The U.S. Department of Interior has proposed a rule change that would allow Alaska tribes to ask the federal government to hold their lands in trust.
The decision isn’t always granted, but yesterday’s announcement is a legal turn that could vastly expand tribal sovereignty in Alaska.
Tribal advocates are celebrating the Department’s announcement. Native American Rights Fund Attorney Heather Kendall-Miller says it corrects a wrong-headed policy that excluded Alaska tribes from an important tool of self-governance.
“This is huge. It is a major shift in federal policy that treats Alaska tribes similarly to tribes in the Lower 48,” Kendall-Miller says.
If the federal government agrees to take a tribe’s land in trust, it in effect creates a patch of Indian Country, where state jurisdiction is limited and tribes can have law enforcement powers. The Interior Department cites the rule as a way to improve public safety in Alaska villages.
The rule would apply only to lands owned by tribes, not the millions of acres owned by Alaska Native corporations. Kendall-Miller says most Native villages sit on a patchwork of different types of land, so the rule change is limited in creating village-wide tribal law enforcement.
“Clearly it’s not going to wind up being the panacea to fix all problems in rural Alaska, but it very well may be a potential model that would work for some communities,” Kendall-Miller says.
Kendall-Miller won a federal district court case last year arguing the secretary is allowed to take Alaska tribal lands in trust. Anchorage attorney Don Mitchell, an ardent opponent of Alaskan tribal sovereignty, says creating trust status for tribally owned land conflicts with the 1971 Alaska Native Claims Settlement Act.
“It certainly is rolling back ANCSA, and that’s exactly why the proponents of this change have persuaded their friends within the Department of Interior to do this,” Mitchell says.
Mitchell says the implications could be enormous, because any land owner, including Native corporations, could transfer lands to an Alaska tribe, and those lands could become in effect, an Indian reservation.
With ANCSA, Congress agreed to transfer millions of acres and nearly one billion dollars to newly created Native corporations. The state of Alaska, like Mitchell, contends the settlement was Congress’s rejection of creating Indian reservations across Alaska. The state is appealing the court decision that paved the way for the proposed policy change. Kip Knudson, who runs Gov. Sean Parnell’s Washington, D.C. office, says it’s important to defend the integrity of the 1971 settlement act.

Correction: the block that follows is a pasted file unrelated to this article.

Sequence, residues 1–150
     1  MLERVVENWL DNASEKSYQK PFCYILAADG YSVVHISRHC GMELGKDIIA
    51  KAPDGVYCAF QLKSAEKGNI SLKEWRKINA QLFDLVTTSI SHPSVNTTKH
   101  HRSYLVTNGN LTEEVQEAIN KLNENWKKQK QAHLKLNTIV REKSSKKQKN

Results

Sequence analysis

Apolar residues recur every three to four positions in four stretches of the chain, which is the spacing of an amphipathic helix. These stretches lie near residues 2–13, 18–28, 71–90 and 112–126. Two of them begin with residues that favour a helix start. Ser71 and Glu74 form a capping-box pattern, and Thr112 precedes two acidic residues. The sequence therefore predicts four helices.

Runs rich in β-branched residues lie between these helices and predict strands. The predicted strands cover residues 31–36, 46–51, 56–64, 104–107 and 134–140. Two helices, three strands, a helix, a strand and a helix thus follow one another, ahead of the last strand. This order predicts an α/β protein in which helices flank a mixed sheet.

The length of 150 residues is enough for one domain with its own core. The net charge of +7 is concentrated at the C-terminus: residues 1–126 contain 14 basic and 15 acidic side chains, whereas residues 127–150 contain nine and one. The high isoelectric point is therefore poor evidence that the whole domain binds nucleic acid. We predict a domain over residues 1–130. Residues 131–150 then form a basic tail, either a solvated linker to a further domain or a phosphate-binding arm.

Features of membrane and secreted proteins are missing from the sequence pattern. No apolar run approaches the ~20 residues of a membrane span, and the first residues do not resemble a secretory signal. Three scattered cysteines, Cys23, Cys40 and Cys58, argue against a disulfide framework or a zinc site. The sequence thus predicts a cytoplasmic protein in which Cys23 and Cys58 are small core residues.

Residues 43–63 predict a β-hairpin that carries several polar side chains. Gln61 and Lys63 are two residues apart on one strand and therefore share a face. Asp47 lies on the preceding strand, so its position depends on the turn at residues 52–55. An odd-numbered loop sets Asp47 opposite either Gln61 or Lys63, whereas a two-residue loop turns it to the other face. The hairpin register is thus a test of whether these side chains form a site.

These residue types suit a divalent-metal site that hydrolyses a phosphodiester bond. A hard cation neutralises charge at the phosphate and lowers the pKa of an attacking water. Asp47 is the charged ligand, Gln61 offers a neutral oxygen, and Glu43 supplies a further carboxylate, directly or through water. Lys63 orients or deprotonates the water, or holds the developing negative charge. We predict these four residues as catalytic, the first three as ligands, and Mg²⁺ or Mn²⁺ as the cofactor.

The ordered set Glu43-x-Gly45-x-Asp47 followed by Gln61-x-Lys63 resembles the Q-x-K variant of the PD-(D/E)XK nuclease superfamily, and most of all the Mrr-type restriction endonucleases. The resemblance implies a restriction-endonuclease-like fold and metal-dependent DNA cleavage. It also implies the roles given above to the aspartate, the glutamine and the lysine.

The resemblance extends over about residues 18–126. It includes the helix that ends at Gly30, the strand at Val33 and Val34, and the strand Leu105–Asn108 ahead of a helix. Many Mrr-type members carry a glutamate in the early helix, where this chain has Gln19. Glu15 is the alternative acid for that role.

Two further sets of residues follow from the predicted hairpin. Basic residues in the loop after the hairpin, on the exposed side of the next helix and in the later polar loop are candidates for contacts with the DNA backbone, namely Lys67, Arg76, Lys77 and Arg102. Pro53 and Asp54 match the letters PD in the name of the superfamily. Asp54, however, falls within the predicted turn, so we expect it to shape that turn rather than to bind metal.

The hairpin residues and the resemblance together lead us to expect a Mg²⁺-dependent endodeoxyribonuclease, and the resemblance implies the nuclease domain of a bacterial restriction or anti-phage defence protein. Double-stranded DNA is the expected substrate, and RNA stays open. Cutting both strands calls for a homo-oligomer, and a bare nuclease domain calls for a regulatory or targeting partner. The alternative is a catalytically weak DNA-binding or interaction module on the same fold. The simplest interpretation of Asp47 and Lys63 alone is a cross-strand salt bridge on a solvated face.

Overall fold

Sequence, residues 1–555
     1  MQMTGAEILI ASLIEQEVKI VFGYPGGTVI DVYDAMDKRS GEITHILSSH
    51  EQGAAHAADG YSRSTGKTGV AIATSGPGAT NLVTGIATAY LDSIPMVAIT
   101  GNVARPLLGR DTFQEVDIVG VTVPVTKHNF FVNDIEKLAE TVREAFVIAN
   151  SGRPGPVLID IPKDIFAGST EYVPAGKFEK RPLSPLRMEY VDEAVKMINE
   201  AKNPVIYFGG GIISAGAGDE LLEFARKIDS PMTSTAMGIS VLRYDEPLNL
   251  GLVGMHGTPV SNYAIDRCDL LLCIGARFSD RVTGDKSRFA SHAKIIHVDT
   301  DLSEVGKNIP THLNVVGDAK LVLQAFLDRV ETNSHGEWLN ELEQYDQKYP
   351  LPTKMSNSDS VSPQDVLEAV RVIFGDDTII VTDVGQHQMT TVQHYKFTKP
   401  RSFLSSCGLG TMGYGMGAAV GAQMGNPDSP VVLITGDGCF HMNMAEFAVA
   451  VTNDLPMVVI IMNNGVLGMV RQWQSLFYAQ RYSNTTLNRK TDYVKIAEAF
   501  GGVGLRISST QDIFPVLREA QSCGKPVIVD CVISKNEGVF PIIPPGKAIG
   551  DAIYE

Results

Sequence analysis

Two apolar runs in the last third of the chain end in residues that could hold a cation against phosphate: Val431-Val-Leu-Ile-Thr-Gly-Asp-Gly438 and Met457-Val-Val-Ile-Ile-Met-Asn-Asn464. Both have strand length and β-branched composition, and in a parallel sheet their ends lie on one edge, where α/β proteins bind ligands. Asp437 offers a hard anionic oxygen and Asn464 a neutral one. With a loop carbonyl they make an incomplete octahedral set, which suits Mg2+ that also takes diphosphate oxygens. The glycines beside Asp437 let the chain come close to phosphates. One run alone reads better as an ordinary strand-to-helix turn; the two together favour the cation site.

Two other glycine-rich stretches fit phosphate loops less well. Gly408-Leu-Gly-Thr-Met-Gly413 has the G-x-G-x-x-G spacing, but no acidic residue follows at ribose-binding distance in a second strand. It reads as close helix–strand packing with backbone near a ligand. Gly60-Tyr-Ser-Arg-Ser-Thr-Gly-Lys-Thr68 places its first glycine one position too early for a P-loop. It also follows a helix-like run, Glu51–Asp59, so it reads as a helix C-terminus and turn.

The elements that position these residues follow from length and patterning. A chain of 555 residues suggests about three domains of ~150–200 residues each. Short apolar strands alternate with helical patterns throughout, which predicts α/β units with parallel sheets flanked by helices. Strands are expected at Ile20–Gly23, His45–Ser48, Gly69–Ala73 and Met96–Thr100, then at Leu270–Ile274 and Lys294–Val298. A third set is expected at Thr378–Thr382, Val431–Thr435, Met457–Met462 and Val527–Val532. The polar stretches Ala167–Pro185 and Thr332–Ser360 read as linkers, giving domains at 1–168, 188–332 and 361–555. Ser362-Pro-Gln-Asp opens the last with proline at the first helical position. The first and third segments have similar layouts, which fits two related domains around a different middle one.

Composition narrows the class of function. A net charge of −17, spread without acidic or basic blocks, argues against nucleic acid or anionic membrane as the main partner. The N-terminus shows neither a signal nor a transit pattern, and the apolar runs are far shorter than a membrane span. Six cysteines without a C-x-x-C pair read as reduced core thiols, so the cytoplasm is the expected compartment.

“I mean, it’s sort of the underpinning of our land status in the state and it’s an underpinning of a tremendous amount of economic activity in the state, and so if we start unraveling it or amending it, there’s probably a lot of things that have to be taken into consideration,” Knudson says.
Kendall-Miller says Congress never took away the Interior secretary’s power to accept Alaska tribal land in trust. The announcement today seemed to split Alaska’s two U.S. senators. Mark Begich said it would improve tribal self-determination, while Lisa Murkowski said she had questions about breaking established policy. The Interior Department now kicks off a 60-day comment period on the proposed rule.
- It aims to preserve Alaska Native culture by giving tribes and tribal organizations the ability to oversee local child welfare problems, rather than social workers coming in from outside their communities. That often results in children being removed from their communities.
- Dressed in full Gwich’in regalia, Potts recounted growing up in a modest dirt-floor hunting cabin in Eagle, losing someone close to suicide, and taking the conventions theme of strength in unity to get back to enjoying life again.
- The Juneau School District wants to consolidate its two high school football programs and cheer squads. Superintendent Dr. Mark Miller said at a press conference Thursday afternoon that the decision to send a formal request to the Alaska School Activities Association has been two years in the making.
- Three helmets, two hats, a headdress and a beaded shirt are from as far back as the 1600s to about 1890. They will be stored through the National Park Service, with access being granted to the Tlingit clans.